Until 2021 became all about Covid (again), it was meant to be a key year in the struggle for a more sustainable future. The EU continued with its pledge to build back better via its Recovery Fund, whilst the UK was meant to be building back greener and in the US President Biden promised a $2 trillion package of green investments. In March, China published its 14th five year plan, which focused largely on climate change. And COP26 in Glasgow in November was intended to put a cap on all of this activity with new pledges to limit global warming to 1.5 degrees and to promote greater resilience.
It’s not entirely clear that 2021 delivered all that might have been hoped for in terms of the climate. Glasgow saw some positive developments, including far greater engagement from the private sector and from cities and other public institutions, but did not end with the blockbuster intergovernmental deal that had been hoped for. And whilst campaigners against hydrocarbons would have been cheered by the decision of another major mining company to exit coal when Anglo American spun out its operations in that sector this year they might have been less thrilled when the new company, Thungela Resources, ended the year up more than 150% in value as investors warmed to coal in the face of soaring prices for natural gas.
Just today we have learned that Germany has shut down three of its remaining six nuclear power stations with the rest to follow this year. I am obviously a fan of nuclear, having worked for the industry for years, but it is indisputable that the decisions taken in that country post-Fukushima, known as the Energiewende, have caused much more coal to be burned than would otherwise have been the case. It will be intriguing to see how the new Greenish Government in Berlin responds to the reality that Germany’s emissions remain much higher than other major European nations, particularly with the 12% of its electricity generation that it got from very low carbon nuclear in 2021 not being available at the end of 2022.
So we go into 2022 on the back of some more downbeat news when it comes to our climate. But perhaps this is no bad thing. For a long time there has been a tendency for politicians from all nations and of every political persuasion to make sweeping commitments to address this subject without much realistic thinking about how these will be delivered. For example, the UK has pledged to decarbonise domestic heating but it is far from clear where all of the tens of thousands of installers of heat pumps will come from. Countries everywhere want to phase out petrol and diesel cars and promote electric vehicles but are lagging behind when it comes to ensuring their electricity grids will be ready. Governments are promoting renewables without much thought about intermittency, as the UK’s experience this Autumn showed. And only lately have questions started to be asked about the true sustainability of batteries with their reliance on rare minerals, often from challenging geopolitical locations.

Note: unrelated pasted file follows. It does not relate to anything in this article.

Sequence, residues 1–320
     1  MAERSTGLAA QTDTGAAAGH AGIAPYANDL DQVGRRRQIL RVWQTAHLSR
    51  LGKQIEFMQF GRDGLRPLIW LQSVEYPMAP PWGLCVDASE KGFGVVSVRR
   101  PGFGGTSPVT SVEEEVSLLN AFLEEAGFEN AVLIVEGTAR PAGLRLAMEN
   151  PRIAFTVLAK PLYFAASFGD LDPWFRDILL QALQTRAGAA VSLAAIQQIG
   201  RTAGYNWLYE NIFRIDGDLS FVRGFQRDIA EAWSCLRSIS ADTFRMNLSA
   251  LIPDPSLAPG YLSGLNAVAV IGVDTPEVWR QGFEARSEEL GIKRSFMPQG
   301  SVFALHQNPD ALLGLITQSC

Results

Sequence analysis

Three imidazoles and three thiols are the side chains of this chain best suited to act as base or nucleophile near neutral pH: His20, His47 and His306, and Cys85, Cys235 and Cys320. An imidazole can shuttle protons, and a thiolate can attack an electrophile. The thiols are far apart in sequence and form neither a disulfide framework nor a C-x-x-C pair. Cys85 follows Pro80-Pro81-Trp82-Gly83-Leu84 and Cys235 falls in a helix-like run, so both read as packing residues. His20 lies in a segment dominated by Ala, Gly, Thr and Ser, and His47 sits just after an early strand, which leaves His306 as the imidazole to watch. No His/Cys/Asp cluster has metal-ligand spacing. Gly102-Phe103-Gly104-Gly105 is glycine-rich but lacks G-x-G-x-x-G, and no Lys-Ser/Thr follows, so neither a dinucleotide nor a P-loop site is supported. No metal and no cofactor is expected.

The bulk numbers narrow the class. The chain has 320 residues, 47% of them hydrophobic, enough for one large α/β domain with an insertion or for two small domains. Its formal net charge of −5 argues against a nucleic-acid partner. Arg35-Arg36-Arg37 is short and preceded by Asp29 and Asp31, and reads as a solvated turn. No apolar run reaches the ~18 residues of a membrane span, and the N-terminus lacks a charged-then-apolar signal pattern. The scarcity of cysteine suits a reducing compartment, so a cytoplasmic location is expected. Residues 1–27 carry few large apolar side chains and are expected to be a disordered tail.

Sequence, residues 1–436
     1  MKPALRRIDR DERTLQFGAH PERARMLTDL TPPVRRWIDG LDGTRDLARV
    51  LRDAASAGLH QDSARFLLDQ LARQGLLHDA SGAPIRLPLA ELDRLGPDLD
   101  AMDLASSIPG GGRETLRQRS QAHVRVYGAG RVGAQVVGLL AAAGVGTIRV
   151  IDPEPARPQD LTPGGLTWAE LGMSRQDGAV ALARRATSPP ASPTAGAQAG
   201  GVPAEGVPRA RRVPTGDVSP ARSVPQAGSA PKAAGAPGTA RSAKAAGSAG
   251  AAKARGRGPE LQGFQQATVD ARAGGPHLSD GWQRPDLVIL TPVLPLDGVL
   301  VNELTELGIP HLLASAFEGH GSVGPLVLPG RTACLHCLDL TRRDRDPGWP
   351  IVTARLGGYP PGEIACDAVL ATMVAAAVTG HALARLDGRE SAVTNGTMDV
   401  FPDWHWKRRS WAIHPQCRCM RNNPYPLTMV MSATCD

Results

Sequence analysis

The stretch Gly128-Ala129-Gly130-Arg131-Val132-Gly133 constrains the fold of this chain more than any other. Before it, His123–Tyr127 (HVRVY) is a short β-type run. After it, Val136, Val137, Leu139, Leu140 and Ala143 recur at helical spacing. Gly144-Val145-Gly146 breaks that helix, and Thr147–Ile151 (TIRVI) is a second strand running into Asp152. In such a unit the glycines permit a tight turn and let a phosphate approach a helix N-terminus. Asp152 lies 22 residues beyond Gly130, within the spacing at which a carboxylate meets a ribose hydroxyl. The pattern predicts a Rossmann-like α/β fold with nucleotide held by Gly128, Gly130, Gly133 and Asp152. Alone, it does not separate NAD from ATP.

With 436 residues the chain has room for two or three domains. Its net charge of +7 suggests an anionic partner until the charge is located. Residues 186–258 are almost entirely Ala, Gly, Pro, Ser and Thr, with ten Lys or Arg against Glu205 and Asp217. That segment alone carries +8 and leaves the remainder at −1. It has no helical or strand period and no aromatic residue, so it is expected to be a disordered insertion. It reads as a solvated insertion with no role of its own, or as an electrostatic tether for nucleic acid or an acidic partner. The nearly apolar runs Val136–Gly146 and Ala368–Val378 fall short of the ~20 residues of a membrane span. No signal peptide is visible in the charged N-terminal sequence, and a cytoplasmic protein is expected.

Perhaps the biggest question of all is who will foot the bill for all of these changes. The speed and scale of the transition needed means that taxpayers and consumers are going to face significant extra costs. There are already signs of a backlash; for example, prominent politicians from the governing party in the UK such as Steve Baker MP are aligned with a new campaigning group called ‘Net Zero Watch’, which aims to “highlight the serious economic and societal implications of expensive and poorly considered climate and energy policies”. But this is not just the domain of sceptics about climate science: plenty of organisations which fully accept that urgent action is needed are nevertheless worried about the fairness of loading new costs on people who can’t afford them.
The hope for 2022 is that the debate will become much more practical, much more realistic, and much more action-orientated. After all, there is actually broad agreement about the steps required, at least in the UK, so now let’s see how in practice we can make them happen. And let’s also start to be much more realistic about adaptation and resilience too: even if increases in temperature are limited the climate is still changing. Time to harness the more positive aspects of the debate in Glasgow – the interest shown by cities, companies and others, the new focus on resilience, and the innovations on show when it comes to financing the transition, as well as the evolution of the debate to consider nature and biodiversity as well as carbon alone. Time too to think about the skilled workforce we are going to need to get this right. If we do this the next 12 months could actually be the pivotal year for sustainability that 2021 was meant to be.